I pedaled another half mile around two tight corners when I came to a straightaway, and ahead I could see a building. "Probably just someone's house," I thought. But as I came closer, I could see hints of a neon sign. And were those gas pumps? Those were definitely gas pumps. Oh joy! Oh joy! I started hyperventilating and had to compose myself. "Don't get your hopes up. It's nearly 8 p.m. The place could be closed. Don't get carried away."
The place was the Whale Watchers Cafe, which has a ranking of 1.5 out of 5 on TripAdvisor.com. Obviously I didn't care if the place had cockroaches or served only haggis, as long as the menu included food, it was the best restaurant ever. I parked my bike and rushed inside. There was only one other party in the dining room that appeared to be leaving. The server, a small Hispanic woman, looked up from behind the counter. "We're just about to close," she informed me. She must have sensed my crestfallen demeanor, and continued, "but would you like to see a menu?"
I nodded vigorously, and grabbed the menu. My vision was blurring and I could barely read it but I managed to pick out chicken fajitas from the swirling overload of options. A plate cost $19.95. Crazy bargain! I pointed to the listing. "I want these," I said. "And a Coke. Do you sell candy bars or anything like that?"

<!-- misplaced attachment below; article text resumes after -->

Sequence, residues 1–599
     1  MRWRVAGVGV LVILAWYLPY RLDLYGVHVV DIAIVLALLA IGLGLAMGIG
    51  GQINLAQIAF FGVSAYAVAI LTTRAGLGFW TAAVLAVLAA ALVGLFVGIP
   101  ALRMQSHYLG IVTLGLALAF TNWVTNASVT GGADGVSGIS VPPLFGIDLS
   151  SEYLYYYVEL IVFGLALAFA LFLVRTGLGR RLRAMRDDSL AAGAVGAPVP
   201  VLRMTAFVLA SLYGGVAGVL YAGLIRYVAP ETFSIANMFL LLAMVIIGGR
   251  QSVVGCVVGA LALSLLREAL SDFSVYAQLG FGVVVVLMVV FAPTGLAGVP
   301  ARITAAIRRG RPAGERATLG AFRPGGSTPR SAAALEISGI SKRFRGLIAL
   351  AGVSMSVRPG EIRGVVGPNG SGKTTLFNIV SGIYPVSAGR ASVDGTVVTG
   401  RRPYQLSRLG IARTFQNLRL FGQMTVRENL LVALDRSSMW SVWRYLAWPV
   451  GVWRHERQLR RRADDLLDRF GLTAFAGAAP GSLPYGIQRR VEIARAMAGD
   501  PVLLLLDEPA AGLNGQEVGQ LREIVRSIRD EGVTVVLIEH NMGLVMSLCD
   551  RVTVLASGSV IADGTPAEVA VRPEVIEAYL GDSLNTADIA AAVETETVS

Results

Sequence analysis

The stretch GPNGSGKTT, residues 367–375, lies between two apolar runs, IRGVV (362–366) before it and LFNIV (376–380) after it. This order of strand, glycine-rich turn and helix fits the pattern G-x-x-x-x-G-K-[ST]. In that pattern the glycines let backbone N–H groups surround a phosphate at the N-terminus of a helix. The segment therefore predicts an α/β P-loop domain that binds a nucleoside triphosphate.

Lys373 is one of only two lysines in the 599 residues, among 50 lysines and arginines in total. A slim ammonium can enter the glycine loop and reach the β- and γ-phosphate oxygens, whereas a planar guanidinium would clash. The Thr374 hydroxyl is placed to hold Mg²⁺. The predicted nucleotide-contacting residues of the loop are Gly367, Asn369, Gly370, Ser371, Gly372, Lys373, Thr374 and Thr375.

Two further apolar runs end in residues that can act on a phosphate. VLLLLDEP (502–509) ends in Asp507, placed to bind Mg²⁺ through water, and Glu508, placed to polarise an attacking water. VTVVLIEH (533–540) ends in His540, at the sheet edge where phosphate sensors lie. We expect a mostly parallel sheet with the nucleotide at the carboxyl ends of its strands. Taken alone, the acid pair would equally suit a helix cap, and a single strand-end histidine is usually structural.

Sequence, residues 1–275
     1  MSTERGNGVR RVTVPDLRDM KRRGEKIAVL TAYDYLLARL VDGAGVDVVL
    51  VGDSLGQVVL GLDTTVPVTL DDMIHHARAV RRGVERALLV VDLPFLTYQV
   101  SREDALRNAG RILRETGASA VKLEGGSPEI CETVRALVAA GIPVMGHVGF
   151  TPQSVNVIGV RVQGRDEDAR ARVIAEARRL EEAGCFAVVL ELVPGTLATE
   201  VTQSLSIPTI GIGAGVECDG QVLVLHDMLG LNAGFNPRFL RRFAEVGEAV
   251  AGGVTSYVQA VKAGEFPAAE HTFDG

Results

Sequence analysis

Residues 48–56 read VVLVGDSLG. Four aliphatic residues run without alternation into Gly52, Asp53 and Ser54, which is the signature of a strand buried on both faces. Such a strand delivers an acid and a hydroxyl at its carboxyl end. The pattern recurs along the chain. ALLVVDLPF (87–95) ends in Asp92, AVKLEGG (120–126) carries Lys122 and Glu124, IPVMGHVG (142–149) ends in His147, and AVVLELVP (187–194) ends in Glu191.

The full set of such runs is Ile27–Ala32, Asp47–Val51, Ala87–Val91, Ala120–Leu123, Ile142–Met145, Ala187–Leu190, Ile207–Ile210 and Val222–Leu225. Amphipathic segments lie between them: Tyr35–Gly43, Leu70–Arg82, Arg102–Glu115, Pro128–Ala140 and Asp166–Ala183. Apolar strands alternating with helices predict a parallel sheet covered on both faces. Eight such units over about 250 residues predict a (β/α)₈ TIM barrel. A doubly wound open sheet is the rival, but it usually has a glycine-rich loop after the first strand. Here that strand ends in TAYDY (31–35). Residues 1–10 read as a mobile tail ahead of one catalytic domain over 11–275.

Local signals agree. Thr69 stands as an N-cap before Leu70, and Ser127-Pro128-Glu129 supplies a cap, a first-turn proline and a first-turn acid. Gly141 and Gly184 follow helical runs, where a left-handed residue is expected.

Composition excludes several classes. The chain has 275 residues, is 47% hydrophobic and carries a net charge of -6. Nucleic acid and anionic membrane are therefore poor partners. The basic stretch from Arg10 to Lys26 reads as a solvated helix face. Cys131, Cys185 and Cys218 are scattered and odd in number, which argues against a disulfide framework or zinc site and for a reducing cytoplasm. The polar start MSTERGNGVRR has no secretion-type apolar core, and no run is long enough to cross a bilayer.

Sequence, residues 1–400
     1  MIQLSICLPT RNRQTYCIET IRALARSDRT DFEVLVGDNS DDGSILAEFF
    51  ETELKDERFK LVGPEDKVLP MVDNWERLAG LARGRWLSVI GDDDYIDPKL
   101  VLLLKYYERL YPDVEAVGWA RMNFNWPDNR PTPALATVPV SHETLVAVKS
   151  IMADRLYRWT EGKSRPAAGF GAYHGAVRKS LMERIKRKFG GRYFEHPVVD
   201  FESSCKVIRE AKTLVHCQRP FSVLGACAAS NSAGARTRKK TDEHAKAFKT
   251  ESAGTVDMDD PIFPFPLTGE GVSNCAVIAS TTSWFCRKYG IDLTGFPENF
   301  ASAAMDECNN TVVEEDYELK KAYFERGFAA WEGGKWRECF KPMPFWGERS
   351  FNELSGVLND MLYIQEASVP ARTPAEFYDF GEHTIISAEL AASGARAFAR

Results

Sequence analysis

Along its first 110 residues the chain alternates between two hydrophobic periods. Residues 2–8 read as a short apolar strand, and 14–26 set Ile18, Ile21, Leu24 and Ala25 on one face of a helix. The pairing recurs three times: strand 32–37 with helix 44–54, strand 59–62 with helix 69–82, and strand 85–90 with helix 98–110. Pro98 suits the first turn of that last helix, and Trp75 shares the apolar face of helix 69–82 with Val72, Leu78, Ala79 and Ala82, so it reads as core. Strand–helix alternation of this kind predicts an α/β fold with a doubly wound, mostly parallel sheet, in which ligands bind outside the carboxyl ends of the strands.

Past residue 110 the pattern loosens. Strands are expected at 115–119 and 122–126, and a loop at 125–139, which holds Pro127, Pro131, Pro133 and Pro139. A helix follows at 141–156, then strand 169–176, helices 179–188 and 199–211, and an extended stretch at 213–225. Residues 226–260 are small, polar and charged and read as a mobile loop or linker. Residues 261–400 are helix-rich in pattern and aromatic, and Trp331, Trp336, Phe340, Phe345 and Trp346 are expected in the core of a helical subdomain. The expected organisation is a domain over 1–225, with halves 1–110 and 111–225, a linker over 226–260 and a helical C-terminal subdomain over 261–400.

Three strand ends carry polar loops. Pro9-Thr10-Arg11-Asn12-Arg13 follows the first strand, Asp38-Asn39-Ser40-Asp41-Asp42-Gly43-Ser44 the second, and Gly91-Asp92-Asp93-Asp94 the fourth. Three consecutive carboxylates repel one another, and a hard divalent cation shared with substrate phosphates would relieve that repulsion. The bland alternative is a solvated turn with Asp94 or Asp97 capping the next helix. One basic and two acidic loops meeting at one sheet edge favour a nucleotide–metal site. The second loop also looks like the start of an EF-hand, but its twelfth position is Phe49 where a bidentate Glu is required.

The server indicated there was a small convenience store next door so I rushed over to restock my supplies. The experience was reminiscent of the Tour Divide, where I just wandered around the displays in a shocked daze, grabbing everything that struck my fancy: Two Clif Bars, two Babel cheese wheels, one small package Fig Newtons, one bag of Doritos (ha ha), one king-sized Twix Bar, and two giant vegan cookies. It was way more food than I was going to need until the next day, but I did not care. With Whale Watchers as my witness, I was not going to go hungry again.
Back at the cafe, the server brought me a steaming plate of peppers, onions, chicken, rice, and beans. I stared at it for a few seconds with rapt fascination before animal instinct took over, and then I tore into the pile of vegetables with barely civilized urgency. The warm food settled in my stomach and triggered all kind of intense pleasure sensors: Relief, satisfaction, bliss. My memory understood that this was a rather mediocre plate of $20 fajitas, but my present state made it the most awe-inspiring, gratifying meal I had consumed in a long time. There's that old adage that hunger is the best seasoning, but more than that, there's a deeply satisfying value in experiences like this. I certainly didn't set out to run low on food, or ride my way into a distressing hunger — but because I did, I experienced a rare, truly appreciative enjoyment of food, and an understanding of just how much the simple act of eating means to the experience of being alive. It's the same sensation that compels me to ride long hours or run long distances. By enduring a little bit of pain and suffering, I open myself up to the rapture on the other side.
The server came to clear away my scraped-clean plate. "You're on a bicycle?" she asked. I nodded. "And where are you going to right now?"
"I'm headed toward San Simeon," I said.